Carnegie Mellon University's School of Computer Science is the latest research institution to host a site as part of Open Cirrus, a global, open-source test bed for the advancement of cloud computing research and education.
A computing cluster housed in Carnegie Mellon's Data Center Observatory will provide additional resources for Carnegie Mellon faculty and other researchers worldwide. Open Cirrus was launched in 2008 by HP, Intel and Yahoo! to promote open collaboration among industry, academia and governments on data-intensive, Internet-scale computing. The test bed now includes cloud computing infrastructure at 10 "centers of excellence" worldwide.
Organizations increasingly take advantage of cloud computing, which allows them to use shared services and data processing and storage resources that are managed by other organizations. But until recently, university faculty and students did not have direct access to cloud computing resources necessary for research and education on this emerging computing paradigm. That limited universities in their ability to prepare students who will increasingly work in cloud environments. It also inhibited academic research on new applications for the cloud and on how to improve the software and hardware that enables cloud computing.
"Having a facility like this and being able to participate in Open Cirrus will provide us with unprecedented opportunities for research and education on Internet-scale computing," said Randal E. Bryant, dean of the School of Computer Science. "We see applications well beyond those being pursued by industry today, including astronomy, neuroscience, and knowledge extraction and representation, and we will be able to delve more deeply into the design of the system itself."
Carnegie Mellon computer scientists have been leaders as cloud computing has emerged as a focus of academic research. Carnegie Mellon was the first university to make use of M45, a 4,000-processor, Hadoop-based computing cluster that Yahoo! made available to academic researchers beginning in late 2007. Since then, M45 research by Carnegie Mellon has resulted in infrastructure innovations, such as new approaches to diagnosing performance problems and a technique for shrinking the storage requirements for data files by 33 percent. Carnegie Mellon researchers also have used the M45 cluster to pioneer new applications that require Internet-scale resources, such as natural language processing, automated extraction of knowledge from the Web and developing a deeper understanding of when the "wisdom of crowds" is effective and when it is not for services such as Wikipedia.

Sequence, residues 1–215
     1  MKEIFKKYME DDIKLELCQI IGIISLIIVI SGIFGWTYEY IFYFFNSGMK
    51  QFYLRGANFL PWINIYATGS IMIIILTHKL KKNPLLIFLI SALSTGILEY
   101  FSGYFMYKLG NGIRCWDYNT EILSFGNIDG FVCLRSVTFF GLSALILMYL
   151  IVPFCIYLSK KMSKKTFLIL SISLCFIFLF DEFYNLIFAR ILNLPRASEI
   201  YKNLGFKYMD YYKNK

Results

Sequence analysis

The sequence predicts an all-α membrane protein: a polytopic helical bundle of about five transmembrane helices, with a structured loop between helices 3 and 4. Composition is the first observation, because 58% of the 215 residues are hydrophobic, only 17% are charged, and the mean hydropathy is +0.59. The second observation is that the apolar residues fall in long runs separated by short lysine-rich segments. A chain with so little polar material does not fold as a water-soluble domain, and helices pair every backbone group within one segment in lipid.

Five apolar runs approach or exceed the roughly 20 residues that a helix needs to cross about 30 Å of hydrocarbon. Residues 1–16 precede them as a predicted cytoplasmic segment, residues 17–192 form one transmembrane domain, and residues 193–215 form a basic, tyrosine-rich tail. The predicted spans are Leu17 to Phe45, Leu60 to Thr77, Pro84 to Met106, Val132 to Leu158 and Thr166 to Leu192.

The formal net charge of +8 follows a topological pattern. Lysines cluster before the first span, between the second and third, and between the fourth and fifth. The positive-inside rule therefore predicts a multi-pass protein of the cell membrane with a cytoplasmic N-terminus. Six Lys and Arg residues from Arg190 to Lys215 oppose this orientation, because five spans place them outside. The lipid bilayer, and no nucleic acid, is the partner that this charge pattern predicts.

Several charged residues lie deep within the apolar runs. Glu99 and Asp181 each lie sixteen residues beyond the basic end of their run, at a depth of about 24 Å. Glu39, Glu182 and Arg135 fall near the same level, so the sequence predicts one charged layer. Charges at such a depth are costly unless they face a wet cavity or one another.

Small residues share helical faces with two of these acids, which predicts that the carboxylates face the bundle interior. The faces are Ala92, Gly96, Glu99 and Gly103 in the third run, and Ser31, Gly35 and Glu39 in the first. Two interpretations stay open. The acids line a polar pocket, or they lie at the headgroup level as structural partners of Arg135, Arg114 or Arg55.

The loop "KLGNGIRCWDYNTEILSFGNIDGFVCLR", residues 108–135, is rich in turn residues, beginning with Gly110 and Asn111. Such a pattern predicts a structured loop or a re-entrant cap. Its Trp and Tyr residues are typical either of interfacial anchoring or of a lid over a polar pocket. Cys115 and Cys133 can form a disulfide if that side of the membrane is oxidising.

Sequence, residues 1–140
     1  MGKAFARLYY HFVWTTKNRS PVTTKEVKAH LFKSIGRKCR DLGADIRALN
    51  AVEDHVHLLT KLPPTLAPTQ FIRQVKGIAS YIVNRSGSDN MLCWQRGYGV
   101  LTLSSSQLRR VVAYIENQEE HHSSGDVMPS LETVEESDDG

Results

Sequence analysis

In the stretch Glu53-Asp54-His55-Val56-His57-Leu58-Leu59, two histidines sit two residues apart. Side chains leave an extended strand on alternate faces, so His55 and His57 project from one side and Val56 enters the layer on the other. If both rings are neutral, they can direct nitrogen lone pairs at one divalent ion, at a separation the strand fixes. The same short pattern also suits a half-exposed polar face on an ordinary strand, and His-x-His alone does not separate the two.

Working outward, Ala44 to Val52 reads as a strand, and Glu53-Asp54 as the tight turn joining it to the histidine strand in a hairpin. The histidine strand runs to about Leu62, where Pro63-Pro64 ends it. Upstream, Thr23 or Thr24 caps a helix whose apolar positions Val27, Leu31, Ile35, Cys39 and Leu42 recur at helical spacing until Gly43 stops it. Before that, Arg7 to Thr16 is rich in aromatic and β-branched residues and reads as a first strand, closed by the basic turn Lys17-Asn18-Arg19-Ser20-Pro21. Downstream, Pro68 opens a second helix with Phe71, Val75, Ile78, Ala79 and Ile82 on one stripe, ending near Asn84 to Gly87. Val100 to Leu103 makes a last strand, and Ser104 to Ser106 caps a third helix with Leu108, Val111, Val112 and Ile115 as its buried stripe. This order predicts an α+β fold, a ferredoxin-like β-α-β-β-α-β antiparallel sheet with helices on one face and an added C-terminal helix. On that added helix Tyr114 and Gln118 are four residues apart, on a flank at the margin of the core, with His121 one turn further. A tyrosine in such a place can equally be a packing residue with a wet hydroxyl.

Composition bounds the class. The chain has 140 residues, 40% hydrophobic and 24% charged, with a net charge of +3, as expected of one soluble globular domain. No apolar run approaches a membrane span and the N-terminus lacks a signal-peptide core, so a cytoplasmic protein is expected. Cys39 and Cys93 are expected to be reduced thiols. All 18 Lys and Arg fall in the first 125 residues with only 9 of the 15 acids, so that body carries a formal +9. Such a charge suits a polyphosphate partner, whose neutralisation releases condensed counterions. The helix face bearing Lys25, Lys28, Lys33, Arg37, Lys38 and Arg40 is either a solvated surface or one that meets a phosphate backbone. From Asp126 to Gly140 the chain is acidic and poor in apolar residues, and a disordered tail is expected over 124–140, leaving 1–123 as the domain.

Carnegie Mellon researchers have benefited from access to the existing Open Cirrus site operated by Intel Labs Pittsburgh on the Carnegie Mellon campus. Together with M45 and the university's new computing cluster, Carnegie Mellon researchers now are running experiments on three cloud-computing clusters.
Greg Ganger, professor of electrical and computer engineering and director of Carnegie Mellon's Parallel Data Lab, said the new computing cluster, which has 159 servers and 1,165 processing cores, was made possible by Intel's generous donation of CPUs and money. The cluster has 2.4 trillion bytes, or terabytes, of memory and almost 900 terabytes of storage. A contribution by APC of power management and cooling systems also was crucial for building and operating the cluster.
Like other sites in Open Cirrus, the computing cluster will be made available to researchers worldwide later this year.
Ganger said much of the research at the Carnegie Mellon site likely will focus on the university's strengths — how to make the cloud computing infrastructure faster, more reliable and more energy efficient and how to use the cloud in innovative ways for new applications. "This site embodies our commitment to the collaborative, open-source research environment that Open Cirrus promotes and to aggressively pursuing cloud computing research on this campus," he said.
In addition to Carnegie Mellon, the Open Cirrus test bed includes centers of excellence at HP Labs, Intel Research and Yahoo! as well as the Infocomm Development Authority of Singapore, the University of Illinois at Urbana-Champaign, the Steinbuch Centre for Computing of the Karlsruhe Institute of Technology in Germany, the Russian Academy of Sciences, the Electronics and Telecommunications Research Institute in South Korea and MIMOS, a Malaysian research and development organization.
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